Here’s some advice to the hordes of theatergoers who will see Fun Home when it starts performances on Broadway in March: Don’t be afraid to wait at the stage door for stars Michael Cerveris and Judy Kuhn. They’ll be more than pleased to meet and talk with you.
They’ve had plenty of experience, for when Fun Home played its wildly acclaimed, sold-out run at the Public Theater in late 2013, dozens upon dozens of fans approached them after the show to tell them what a glorious time they’d had.
It was bit easier there. The Public Theater doesn’t have a stage door, so Cerveris and Kuhn took their leave by sauntering through the lobby. There, to their delight, came the appreciative crowds to talk about the funny, charming, and incisive production they’d just seen.
“I can’t count how many came up to us,” says Cerveris, who adds that many people said, “So much of my family life was like this.”
Cerveris plays Bruce and Kuhn is his wife, Helen. They were a real-life Pennsylvania couple whose one daughter, Alison Bechdel, wrote the 2006 graphic novel Fun Home on which the musical is based.
The family lives above a funeral home, where Bruce is an undertaker. As a result, Alison and brothers Christian and John have long been inured to playing downstairs among the coffins. Helen doesn’t mind as long as they keep their toys out of the way, for Bruce likes everything well-organized.
Easier said than done, of course. There are plenty of surprises that won’t be divulged here, but many of them peppered throughout the plot spurred the attendees at the Public to stay around and talk.
It’s been an important component of the marvelous experience that Kuhn has had with the show. “My daughter was applying to colleges and I wondered what my life would be when she was gone,” she says. “When I got the offer to work with Jeanine Tesori, Lisa Kron, and Sam Gold, I said, ‘I’m there!’”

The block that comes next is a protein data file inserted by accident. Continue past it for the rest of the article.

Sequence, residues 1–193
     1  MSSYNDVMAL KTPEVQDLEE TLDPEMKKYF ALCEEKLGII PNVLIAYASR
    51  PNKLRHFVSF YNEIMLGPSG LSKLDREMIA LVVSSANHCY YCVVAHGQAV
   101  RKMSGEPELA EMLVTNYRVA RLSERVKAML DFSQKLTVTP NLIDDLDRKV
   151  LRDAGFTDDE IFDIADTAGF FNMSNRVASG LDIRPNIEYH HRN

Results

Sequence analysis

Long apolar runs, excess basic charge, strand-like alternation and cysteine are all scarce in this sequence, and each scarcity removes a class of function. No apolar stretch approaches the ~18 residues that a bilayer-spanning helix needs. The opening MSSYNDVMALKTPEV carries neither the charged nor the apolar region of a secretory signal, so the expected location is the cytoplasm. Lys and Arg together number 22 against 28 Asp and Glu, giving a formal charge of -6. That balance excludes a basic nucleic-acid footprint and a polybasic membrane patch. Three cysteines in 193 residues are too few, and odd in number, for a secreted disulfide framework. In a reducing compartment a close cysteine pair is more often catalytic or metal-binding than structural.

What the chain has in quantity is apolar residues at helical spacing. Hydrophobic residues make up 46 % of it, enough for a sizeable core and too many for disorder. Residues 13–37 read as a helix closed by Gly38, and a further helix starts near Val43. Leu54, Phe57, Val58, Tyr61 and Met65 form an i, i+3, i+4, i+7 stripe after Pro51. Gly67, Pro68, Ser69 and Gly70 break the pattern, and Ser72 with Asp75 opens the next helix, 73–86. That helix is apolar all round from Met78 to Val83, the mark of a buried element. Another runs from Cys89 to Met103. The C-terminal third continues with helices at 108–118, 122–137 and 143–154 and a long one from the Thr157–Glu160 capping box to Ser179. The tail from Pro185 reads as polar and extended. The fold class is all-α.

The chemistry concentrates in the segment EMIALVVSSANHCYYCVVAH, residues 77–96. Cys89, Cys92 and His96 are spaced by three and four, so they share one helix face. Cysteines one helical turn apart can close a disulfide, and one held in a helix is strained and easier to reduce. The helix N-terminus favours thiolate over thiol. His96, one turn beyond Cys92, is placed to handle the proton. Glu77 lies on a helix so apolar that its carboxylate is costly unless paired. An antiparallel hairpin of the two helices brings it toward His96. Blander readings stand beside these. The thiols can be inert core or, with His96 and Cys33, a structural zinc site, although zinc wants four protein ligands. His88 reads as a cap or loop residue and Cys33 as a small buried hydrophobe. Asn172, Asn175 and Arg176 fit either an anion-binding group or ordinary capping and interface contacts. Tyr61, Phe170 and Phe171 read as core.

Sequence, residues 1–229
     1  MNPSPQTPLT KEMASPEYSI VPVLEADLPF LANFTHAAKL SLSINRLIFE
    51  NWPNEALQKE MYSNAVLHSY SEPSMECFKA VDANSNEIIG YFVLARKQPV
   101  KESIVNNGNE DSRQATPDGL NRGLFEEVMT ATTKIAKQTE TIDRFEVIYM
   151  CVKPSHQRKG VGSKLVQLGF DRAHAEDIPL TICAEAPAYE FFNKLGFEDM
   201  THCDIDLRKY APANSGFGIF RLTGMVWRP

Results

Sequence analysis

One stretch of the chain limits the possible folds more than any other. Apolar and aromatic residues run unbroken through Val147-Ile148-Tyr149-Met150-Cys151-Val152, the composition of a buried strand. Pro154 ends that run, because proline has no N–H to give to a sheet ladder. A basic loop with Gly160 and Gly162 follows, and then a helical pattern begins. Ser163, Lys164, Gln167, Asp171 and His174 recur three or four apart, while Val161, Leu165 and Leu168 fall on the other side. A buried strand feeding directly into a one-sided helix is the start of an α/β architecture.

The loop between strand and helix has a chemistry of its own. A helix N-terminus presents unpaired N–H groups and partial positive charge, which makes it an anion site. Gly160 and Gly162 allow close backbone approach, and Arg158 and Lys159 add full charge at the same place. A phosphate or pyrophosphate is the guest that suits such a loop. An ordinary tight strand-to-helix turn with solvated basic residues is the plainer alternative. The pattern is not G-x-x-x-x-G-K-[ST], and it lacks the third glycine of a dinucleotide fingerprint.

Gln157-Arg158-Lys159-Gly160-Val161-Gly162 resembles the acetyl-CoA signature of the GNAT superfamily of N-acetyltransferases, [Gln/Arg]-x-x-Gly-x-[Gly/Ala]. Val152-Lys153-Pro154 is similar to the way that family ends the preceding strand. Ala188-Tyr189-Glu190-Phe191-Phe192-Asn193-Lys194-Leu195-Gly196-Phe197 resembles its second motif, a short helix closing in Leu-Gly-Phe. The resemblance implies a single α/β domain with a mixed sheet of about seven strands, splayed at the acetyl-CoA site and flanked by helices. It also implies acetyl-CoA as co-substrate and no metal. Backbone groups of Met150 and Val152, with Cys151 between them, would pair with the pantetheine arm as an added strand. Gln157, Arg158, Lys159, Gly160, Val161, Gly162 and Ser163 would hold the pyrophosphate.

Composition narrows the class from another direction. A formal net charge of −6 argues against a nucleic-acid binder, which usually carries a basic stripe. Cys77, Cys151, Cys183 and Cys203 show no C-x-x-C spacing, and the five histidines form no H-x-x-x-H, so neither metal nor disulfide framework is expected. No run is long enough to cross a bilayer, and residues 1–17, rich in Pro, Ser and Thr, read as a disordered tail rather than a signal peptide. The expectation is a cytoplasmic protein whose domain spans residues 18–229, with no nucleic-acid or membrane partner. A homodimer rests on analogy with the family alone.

Her faith was not misplaced. Fun Home received a Best Musical Drama Desk nomination as well as nods for Tesori’s music, Kron’s book and lyrics, and Gold’s direction. It also was a finalist for the Pulitzer Prize, which is a rarity for a musical.
“And it’s allowed me in a way to pick up a whole new family,” Kuhn says enthusiastically. “I’ve been with the show for every stage of development in the last three and a half years, from books-in-hand to being placed in front of music stands to a workshop at the Public to three weeks at Sundance. And yet despite all the acclaim, everyone’s still striving to make it even better.”
So theatergoers who saw it at the Public or who have the already-released original cast album will see a few changes — including the addition of Emily Skeggs, who took over from Alexandra Socha as Medium Alison.
No, Medium Alison doesn’t pull out a Ouija board or try to communicate with the long dead. Fun Home uses a trio of actresses to portray Bechdel at three different stages of her life. So Skeggs appears between Small Alison (Sydney Lucas) and the adult version, who’s simply named Alison (Beth Malone).
We see the seeds sown for the adult Alison. Small Alison takes a shine to a delivery woman and her ring of keys that suggests every door is open to her. Medium Alison makes a best friend (and then some) with Joan, a college classmate who helps Alison to learn who she really is.
En route, Bruce learns that too, leading to an unexpected conclusion.
“I was reminded that almost every family has secrets,” says Cerveris. “We’ve all been on that car ride where the driver has something he wants to get off his chest and the passenger wants him to divulge it — and then nothing gets said.”